Your work reflects extreme conditions of humanity and existence… Is it hard for you to keep the momentum up in your work, as you bear witness to terrible emotional suffering, as well as environmental suffering?

In a word, no. Looking away is harder. Mind you, there were times in the camp when I wondered what the hell I was doing there… The work is important, I think because it is too easy to see the refugee as ‘the other’, to diminish them by lumping them all together, instead of seeing they too are people like you and me. These days there is a lot of fear and cruelty in the ‘treatment’ of refugees. As a nation, our track record has gone from the woeful White Australia policy to positive post-war immigration, to something where we now focus almost entirely on the cost of taking in refugees and the ways it can all go wrong instead of seeing the benefits of immigration. We have become very frightened and as a result, very careless in our terminology, whereby ‘refugee’ by default is only a hair’s breadth from ‘terrorist’. If this were the case in 1948 when my father applied to migrate to Australia, he wouldn’t have stood a chance and I wouldn’t be here now. Of course, taking in people is complex and takes resources but it also makes us a stronger, more diverse, more resilient and more international player on the world stage.

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Here are some lines from the Introduction of ‘Sahara Libre!’ to answer your question about bearing witness to terrible emotional suffering.

‘Some days I wanted to stay in the camp my whole life. Nothing else existed, it was a world to its own. Life was good. I had what I needed – company, work that made me happy, time to laugh. I was who I wanted to be. Other days, especially at the beginning, I wondered what on earth I was doing there. And what the Sahrawis were doing there. What the hell was wrong with these people, sitting in some God-forsaken refugee camp in the middle of nowhere? Was this it? Was this as good as life was going to get for them? Didn’t they want a better life, if only for their kids? Was it enough to sit suspended in time and space, miserably waiting out their days, hoping against hope that the world might one day sit up and notice their plight?’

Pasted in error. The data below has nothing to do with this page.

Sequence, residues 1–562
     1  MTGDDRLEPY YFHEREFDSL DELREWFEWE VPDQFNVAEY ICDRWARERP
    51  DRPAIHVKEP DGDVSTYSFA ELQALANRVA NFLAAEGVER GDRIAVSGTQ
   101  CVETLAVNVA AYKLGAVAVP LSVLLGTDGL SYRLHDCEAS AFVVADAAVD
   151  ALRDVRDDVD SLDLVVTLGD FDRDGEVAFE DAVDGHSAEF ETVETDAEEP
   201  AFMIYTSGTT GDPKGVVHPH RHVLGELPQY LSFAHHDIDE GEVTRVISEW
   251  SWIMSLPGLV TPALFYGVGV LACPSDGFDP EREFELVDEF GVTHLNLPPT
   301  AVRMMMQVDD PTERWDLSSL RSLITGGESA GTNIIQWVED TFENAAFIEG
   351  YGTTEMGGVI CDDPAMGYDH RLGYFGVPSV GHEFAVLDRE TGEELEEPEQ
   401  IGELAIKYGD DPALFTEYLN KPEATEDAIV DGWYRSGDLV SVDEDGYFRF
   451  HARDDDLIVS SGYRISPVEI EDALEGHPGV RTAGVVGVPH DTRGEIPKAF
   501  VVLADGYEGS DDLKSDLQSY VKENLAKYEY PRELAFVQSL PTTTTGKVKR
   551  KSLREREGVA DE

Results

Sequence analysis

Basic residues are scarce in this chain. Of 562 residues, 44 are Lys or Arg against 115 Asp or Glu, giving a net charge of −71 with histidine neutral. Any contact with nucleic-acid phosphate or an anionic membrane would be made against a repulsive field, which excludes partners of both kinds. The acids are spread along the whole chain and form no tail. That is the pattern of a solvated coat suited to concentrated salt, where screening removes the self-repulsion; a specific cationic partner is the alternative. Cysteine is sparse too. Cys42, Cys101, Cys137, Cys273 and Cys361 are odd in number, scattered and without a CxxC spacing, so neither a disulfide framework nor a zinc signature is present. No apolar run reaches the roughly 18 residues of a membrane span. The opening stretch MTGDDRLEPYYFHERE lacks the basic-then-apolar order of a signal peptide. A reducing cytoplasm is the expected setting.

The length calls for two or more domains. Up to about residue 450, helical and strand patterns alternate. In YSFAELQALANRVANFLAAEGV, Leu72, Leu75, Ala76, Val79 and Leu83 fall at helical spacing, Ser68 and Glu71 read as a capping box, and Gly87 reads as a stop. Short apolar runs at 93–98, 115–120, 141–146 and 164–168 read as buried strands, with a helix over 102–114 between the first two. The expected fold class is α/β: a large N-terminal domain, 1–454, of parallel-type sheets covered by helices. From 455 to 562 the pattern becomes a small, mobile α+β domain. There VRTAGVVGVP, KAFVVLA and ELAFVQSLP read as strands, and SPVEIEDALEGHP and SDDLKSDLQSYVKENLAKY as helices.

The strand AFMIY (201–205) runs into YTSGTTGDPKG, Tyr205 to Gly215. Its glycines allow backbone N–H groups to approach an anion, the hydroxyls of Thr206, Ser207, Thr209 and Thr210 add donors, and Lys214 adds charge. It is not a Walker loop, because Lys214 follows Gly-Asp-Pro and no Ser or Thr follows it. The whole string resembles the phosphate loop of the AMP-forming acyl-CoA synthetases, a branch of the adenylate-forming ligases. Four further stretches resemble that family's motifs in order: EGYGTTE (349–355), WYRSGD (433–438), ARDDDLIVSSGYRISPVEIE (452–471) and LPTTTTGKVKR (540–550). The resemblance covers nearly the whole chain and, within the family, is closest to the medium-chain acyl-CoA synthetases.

Polisario, The Western Saharan government’s mass release of Moroccan prisoners of war in the 1980s and since then, more than 80 United Nations resolutions supporting The Western Sahara and condemning Morocco’s illegal occupation of it and yet still nothing changes… There they sit, freezing by night, sweltering by day and always battered by that cursed wind – wind strong enough to pick up your spit, coat it with a shell of flying sand and send it smashing to the ground 3 or 4 metres from source. Bone-jarringly cold nights, daytime temperatures of over 50° and nothing but desert as far as the eye can see, day in, day out, year in, year out. No wonder they call it the Devil’s Garden, God himself could not get anything to grow in this most savage of environments.

Add to that, no institutions of higher learning, no jobs, no economy to speak of, ‘no nothing’. The Sahrawis, colonised by the Spanish, invaded by the Moroccans, have been to war, laid down their arms, talked nicely with the United Nations and still they are living in refugee camps. They have done everything conceivable to wrench their lands back from an aggressively expansionist Morocco but to no avail. They remain an occupied country.

Imagine it, some 200,000 people huddled together in a handful of camps, cut off from those parts of their family living under Moroccan occupation, a 3rd generation of children being born into these camps, 41 years and counting… What do people do ? How do they cope ? The answer is that they do as anyone else does – they live their lives, as best they can. They grow up, get married, raise their kids. They do their utmost to hold the community together, to survive but what, I wonder, do they dream of in the quiet moments in the day, these people that don’t officially exist, these people supposedly without a future?

 Welcome to The Western Sahara

There were a number of projects that our group from Jakobsbergs Folkhögskola, Stockholm chose to work with – making a documentary comparing Sahrawi teenagers with their Swedish counterparts, compiling a picture reportage of life in the desert, investigating methods of food/ water/ aid distribution but beyond this, what captivated me was the question of identity; Who are these people, these Sahrawis?



And who do you become when your country is occupied, when you have lost a sizeable chunk of your land and have sat in refugee camps for four decades ? When I first saw pictures of Sahrawis, I was a bit daunted. They are a tough looking people. They stand somewhere between Europe (being Spanish-speaking, thanks to Spanish colonialism), the Middle East (their culture sharing much with Arab cultures) and Africa (their lands being situated in the north of that continent). How then, have they managed to maintain their identity, against all odds ? That is what I wanted to find out and this book is my attempt to do just that.